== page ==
Anya Whelan Smith has a wonderful role in Mollie Malloy, a prostitute who has never known respect and admiration until meeting the convict who treasures her. Smith is very moving at every turn and her final scene of sacrifice for love is touching, a heart-stopper, a triumph for a young actress. The best actress on the stage, however, is Peggy Pharr Wilson playing Bruce's mother. This actress, as ever, wins the night with her portrayal of an egoistic, monomother who can cite chapter and verse of any rules that have been disobeyed, any decisions that aren't her own. Mrs. Baldwin is decomposed in this play and Wilson takes that so literally that the fun continues through the tragedy of her life. She is worth the price of admission and then some. I'd see the play again just to watch her character grow from grande dame to damn mess.
Every actor in the company is right on with characterization and realization and the ensemble of men and women only do the right things at the right times.
The set by David M. Barber is very traditional for this play with the exception of a fine "scrim" wall that allows us to see what in most productions we would only hear. Sara Jean Tosetti's 1939 costumes are just right with their slight hint of the twenties gone by and the forties on the verge. Scott Pinkney has provided adequate lighting for the play but he never gives us more than the needed illumination. J. Jared Janas has provided fine wigs and makeup design for the characters.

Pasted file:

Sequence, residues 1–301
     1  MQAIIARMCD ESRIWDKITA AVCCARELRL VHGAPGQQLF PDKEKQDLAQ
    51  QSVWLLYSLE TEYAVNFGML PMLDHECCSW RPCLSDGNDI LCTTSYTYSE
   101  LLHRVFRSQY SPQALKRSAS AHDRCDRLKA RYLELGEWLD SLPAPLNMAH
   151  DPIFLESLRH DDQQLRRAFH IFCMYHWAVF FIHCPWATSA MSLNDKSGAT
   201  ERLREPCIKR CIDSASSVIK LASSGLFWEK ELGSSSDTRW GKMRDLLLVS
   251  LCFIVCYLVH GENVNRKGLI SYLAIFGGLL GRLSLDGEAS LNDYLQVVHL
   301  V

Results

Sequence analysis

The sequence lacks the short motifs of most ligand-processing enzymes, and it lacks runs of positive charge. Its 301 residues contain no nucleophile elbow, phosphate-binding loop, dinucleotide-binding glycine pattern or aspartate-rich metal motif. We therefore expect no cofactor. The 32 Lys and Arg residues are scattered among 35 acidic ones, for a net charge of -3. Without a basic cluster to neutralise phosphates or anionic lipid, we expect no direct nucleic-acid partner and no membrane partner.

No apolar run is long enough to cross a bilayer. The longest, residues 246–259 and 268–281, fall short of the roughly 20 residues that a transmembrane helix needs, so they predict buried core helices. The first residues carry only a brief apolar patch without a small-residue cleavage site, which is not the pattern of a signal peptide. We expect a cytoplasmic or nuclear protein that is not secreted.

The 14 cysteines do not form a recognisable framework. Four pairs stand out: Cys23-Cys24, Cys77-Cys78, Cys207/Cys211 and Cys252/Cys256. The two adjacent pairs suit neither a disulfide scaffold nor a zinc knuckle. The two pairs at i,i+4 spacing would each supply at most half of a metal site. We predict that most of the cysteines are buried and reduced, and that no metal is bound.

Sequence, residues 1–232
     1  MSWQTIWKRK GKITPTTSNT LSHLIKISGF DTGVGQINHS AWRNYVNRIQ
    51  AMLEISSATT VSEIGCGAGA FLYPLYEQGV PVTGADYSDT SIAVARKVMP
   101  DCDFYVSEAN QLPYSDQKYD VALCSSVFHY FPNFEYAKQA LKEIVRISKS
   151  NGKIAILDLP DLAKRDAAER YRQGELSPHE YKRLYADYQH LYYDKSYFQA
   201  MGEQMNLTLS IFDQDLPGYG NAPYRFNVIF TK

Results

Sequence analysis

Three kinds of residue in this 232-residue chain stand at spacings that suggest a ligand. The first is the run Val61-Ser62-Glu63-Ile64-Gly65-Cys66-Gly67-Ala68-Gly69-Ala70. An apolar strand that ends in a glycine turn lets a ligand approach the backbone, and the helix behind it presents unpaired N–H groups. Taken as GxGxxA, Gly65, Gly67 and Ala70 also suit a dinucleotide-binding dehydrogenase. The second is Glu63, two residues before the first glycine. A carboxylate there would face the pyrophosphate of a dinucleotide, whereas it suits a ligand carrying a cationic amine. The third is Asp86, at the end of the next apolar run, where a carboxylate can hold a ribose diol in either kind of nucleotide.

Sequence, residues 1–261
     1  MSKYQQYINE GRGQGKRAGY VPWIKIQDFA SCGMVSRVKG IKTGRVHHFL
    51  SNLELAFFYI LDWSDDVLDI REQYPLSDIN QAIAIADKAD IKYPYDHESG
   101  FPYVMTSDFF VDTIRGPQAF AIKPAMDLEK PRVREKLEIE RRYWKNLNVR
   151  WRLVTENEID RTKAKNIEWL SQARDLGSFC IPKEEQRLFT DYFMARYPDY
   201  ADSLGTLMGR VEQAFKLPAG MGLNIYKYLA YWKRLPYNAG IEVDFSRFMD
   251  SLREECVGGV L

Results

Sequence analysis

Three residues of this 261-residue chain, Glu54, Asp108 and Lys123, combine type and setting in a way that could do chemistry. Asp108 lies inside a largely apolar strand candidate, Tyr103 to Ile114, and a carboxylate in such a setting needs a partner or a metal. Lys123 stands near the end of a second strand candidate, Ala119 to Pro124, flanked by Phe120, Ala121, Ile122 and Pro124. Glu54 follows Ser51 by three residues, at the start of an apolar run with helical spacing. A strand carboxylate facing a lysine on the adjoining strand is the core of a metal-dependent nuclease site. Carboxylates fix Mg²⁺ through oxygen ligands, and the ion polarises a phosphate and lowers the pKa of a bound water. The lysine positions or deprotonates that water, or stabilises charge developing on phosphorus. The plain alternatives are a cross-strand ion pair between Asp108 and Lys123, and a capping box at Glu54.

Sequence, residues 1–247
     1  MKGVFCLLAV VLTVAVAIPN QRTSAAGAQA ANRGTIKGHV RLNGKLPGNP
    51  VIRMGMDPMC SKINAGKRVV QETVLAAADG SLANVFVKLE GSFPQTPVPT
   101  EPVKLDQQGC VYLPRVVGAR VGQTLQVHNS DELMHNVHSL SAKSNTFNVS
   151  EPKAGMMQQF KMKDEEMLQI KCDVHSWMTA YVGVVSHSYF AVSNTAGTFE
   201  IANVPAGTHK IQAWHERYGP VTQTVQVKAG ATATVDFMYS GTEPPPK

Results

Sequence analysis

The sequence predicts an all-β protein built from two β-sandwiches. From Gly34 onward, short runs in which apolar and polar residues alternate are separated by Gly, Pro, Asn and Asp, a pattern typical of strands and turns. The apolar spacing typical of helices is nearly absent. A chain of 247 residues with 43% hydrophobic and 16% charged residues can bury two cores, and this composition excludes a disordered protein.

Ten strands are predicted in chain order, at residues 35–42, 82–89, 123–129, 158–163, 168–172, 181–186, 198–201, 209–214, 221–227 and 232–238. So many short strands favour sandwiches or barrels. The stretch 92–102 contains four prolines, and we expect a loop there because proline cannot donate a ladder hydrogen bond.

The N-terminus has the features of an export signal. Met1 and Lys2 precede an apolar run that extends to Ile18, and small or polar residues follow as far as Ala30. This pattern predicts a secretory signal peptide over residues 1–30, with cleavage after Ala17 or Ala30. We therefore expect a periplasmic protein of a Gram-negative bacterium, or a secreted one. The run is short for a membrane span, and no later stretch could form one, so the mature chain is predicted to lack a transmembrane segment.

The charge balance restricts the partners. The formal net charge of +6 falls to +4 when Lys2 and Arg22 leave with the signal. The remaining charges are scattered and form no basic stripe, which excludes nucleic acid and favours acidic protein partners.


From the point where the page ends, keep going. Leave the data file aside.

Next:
I liked this production a great deal. As stated, the start up is slow but once the play gets going and the humor begins to build it is a delectable evening's entertainment. Playwright Guare has provided some political insights that are interesting though nowhere near central to the story or the timeframe of the play. They are good historic points, however, and they are worked in to the right moments in the play. After all, in 1928 political issues are not what they would be twenty-one years later when the film was made, nor another seventy years further on when this production was planned. A good evening, worth every penny and every minute spent with it. Just don't expect Rosalind Russell or Cary Grant. They are not visible on this stage, but Innvar and Pfitsch make it all so very worthwhile.
Anya Whelan Smith as Mollie and Jane Pfitsch as Hildy Johnson; photo: Kevin Sprague
Peggy Pharr Wilson and Hal Miers; photo: Kevin Sprague
Christopher Innvar and Mark H. Dold; photo: Kevin Sprague
His Girl Friday plays through August 30 at the Boyd-Quinson Mainstage of Barrington Stage Company located at 30 Union Street, Pittsfield, MA. For tickets and information call the box office at 413-236-8888 or go on line at barringtonstageco.org.